Safety? Safety!

I would like to use today's blog post to point out a very important topic.

Of course, all legal provisions must always be observed for all handicrafts. These vary considerably depending on the country, so make sure you familiarize yourself with the details before starting a project.

Given the occasion, I would like to talk to you about security in particular about WiFi connections.

As many of you may have noticed, a new toolchain was introduced last week to make WPA2 even easier to lever out. Well, the principle behind it is not new. To penetrate a WPA2 protected network, you only need a RaspberryPI and an ESP8266 with the appropriate software, that's no secret.

Of course there are now many readers who say: "But there are business solutions that work and many other hurdles that need to be overcome". But as always with this topic, safety, comfort and compatibility are on the balance. Someone who has paid attention in computer science, can use microcontrollers, understands white papers and has some imagination can still do considerable damage with the modules.

There are ways and means to make your task more difficult for attackers. Companies invest significant resources to close as many doors as possible, but this is usually not the case for home users. While a company makes sure to only use hardware that can be depreciated over a few years in order to always be up to date, it also includes many security-related aspects. An example here is 802.11w, which has long been implemented in business devices, but is almost unknown in the private sector for reasons of compatibility.

We also deliver our ESP8266 modules with firmware 2.0, as they are more susceptible to certain attacks, but 2.4r2, for example, is not fully compatible with most available Libarys.

Please note that most of our modules are prototyping modules in order to learn how to program microcontrollers comfortably. It is also easily possible to use them to control small machines and devices.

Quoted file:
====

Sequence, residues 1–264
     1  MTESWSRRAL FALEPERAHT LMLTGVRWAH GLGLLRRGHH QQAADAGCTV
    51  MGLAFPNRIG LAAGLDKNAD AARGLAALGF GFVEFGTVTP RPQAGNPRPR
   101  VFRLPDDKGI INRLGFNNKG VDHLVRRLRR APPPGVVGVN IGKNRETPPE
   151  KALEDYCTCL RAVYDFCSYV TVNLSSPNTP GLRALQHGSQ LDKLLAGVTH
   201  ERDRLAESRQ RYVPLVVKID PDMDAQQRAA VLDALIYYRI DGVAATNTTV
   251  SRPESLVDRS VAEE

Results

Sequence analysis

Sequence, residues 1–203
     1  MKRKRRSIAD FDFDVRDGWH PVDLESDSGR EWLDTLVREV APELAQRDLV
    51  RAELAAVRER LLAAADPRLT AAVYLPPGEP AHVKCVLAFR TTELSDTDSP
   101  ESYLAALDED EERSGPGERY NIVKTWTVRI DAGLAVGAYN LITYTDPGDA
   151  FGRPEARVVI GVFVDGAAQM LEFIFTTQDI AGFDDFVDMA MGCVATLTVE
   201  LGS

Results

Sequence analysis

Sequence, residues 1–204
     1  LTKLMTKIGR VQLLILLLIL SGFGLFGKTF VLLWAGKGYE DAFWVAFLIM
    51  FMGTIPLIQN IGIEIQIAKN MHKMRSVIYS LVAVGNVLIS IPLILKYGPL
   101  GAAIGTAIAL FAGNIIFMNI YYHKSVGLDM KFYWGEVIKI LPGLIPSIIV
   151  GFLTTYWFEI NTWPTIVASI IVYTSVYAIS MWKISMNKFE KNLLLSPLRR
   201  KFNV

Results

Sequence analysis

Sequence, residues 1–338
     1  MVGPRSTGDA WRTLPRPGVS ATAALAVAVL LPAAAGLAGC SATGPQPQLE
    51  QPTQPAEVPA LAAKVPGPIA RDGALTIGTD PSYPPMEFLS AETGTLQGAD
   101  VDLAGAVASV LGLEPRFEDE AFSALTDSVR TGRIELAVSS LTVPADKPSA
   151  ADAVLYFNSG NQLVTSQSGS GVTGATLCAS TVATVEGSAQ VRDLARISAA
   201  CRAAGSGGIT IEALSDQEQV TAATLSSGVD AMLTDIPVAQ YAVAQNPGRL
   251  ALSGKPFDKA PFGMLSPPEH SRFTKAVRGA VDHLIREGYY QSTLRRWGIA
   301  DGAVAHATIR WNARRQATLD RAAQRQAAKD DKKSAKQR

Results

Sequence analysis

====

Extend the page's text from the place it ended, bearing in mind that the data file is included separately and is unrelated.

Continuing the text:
Under no circumstances should the modules be used for safety-relevant areas of application, which I would like to briefly explain using a simple example:

For example, if you adventurously install a NodeMCU with a mini power supply in a flush-mounted box, it can happen, despite careful quality control on our part, that these modules will show a defect over time and overheat due to a short circuit. In the worst case, the plastic ignites, which ends in a house fire. Your fire protection insurance will not cover any costs.
Likewise in the case of a smart home door control: If you break in, your insurance company will not pay for the damage because your self-made door lock does not have the required certifications.

Based on the inquiries of the past few days, we find it important to raise awareness of this, since many of our customers are not electrical (electronics) specialists for whom this is taken for granted.

Until the next post :)





Hallo Timmy,
ich bezog mich hier auf das ESP-01 Modul welches meistens als “serieller Arduino-WLan Adpter” oder auch auf unseren Relais genutzt wird und mit Espressif AT-Firmware 2.0 bespielt sind.



Eine verwirrte Nachfrage:
Das gilt doch nur für LUA-Module?!
Die über die Arduino-IDE betankten Module müssten doch die jeweils aktuelle Software aus den Boardverwalter bekommen?

Oder gibt es noch einen weiteren Firmeware-Teil auf dem Modul bei dieser Konstellation?


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